More important than receiving a blue ribbon, however, was discovering the joy and reward of ‘accident’ in the act of creation. Every artist can recount similar moments of surprise and horror that become the strongest elements of an artwork. It’s alchemy at its purest, and is a huge part of what motivates us to create. And, I believe, it is the driving force behind creativity: curiosity motivated by accident and egged on by chutzpah.
It’s my contention that ‘The Accident’ is the source of all great works of art, scientific discoveries, heavenly bodies colliding, and genetic mutations — powerful stuff.
Forty years (or so) later, I acknowledge that an accident can also be the beginning of a career.
Let’s actively encourage accidents by providing the space for our children to experiment with all manner of media, from mud to metal. The next great accident is waiting for a perfectly wrong combination of materials to collide.
Lora R Fisher
Creative Director, Galri Montaj Contemporary Art
The Arts Empower Us… The arts provide countless opportunities to bridge diverse cultures and to engage with and enrich our communities.Numerous studies have demonstrated that the arts also enhance learning and increase engagement in the classroom, while providing opportunities to benefit from creative collaboration.
The passion that artists exhibit to unite and uplift through the arts, to protect the environment, and to stimulate and support community engagement, are my inspirations. My goal as curator of Galri Montaj is to support the creative process, to provide opportunities for emerging artists, and to be a part of the life-changing experience of the arts.
Galri Montaj Scholarship Program
If you would like to support our continuing efforts to provide low-cost services to artists,
please consider donating to the Galri Montaj Scholarship Program.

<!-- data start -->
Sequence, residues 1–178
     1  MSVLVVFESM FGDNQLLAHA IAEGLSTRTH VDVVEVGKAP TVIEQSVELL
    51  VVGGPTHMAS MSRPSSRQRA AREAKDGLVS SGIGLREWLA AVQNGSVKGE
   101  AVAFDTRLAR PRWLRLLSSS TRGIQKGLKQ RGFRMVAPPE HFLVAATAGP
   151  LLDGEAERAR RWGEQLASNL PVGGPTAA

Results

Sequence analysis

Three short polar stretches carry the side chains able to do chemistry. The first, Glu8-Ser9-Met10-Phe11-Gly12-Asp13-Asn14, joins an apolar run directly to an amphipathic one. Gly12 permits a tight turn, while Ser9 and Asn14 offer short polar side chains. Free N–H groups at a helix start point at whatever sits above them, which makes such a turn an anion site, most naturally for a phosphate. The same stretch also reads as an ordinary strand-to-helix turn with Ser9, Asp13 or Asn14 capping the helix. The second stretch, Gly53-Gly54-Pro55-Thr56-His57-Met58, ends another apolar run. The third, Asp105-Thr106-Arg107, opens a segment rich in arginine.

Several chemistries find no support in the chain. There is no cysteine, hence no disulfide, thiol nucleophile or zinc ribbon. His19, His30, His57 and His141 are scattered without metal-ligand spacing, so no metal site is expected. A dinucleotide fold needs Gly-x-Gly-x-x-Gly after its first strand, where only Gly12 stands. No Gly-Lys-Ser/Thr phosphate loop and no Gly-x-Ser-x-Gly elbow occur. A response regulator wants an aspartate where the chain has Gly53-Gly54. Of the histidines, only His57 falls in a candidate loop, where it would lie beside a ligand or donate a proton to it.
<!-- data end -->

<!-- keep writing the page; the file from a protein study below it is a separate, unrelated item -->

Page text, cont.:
Your gifts allow us to provide opportunities for talented and deserving emerging artists.
This week I welcome Glen Green, who is definitely one of my favorite photographers. His creativity, composition and use of light is brilliant,as is his passion for capturing images that are complex and stunning…Welcome Glen!
Tell us a little about yourself. When did your interest in photography begin?
Currently, I live in Pittsburgh Pennsylvania. My interest in photography is tied closely with my interest in the arts. Ever since I was a child, I loved to draw and I followed that passion first into illustration, then into sculpture, then painting and around the time I was 15 or 16, into photography. I was fortunate, in high school, to own a Nikon (a gift from a family member) and to have the opportunity to take photography classes and to learn about development and dark rooms.
After high-school, I went to University for fine arts, where I studied drawing, painting and photography. But I always maintained a love of photography and film-making in general.
After college, I went into professional fields, and became involved in desktop publishing (then, in its infancy.) I taught myself Photoshop 1.0 and made my living for several years doing photo retouching.
My career has varied over the years, but has always tracked towards the arts and communication, particularly as they intersect with technology. The advent of modern DSLRs made it easier than ever to affordably experiment with photography.
Who are your influences? Do you have a specific photographer that stands out in your mind? Why?
I look to a broad range of visual artists for inspiration from a panoply of painters to sculptors, film makers and photographers. I can list names, but that seems limiting – It implies that I have a favorite. But, I don’t want to duck the question wholly, so I’ll say that I’ve recently been enjoying Trey Ratcliff’s photography and his approach to sharing, using Creative Commons licenses. I also appreciate the surreal nature of his landscapes and his philosophy of the democratization of photography. He isn’t overly ‘precious’ about photography.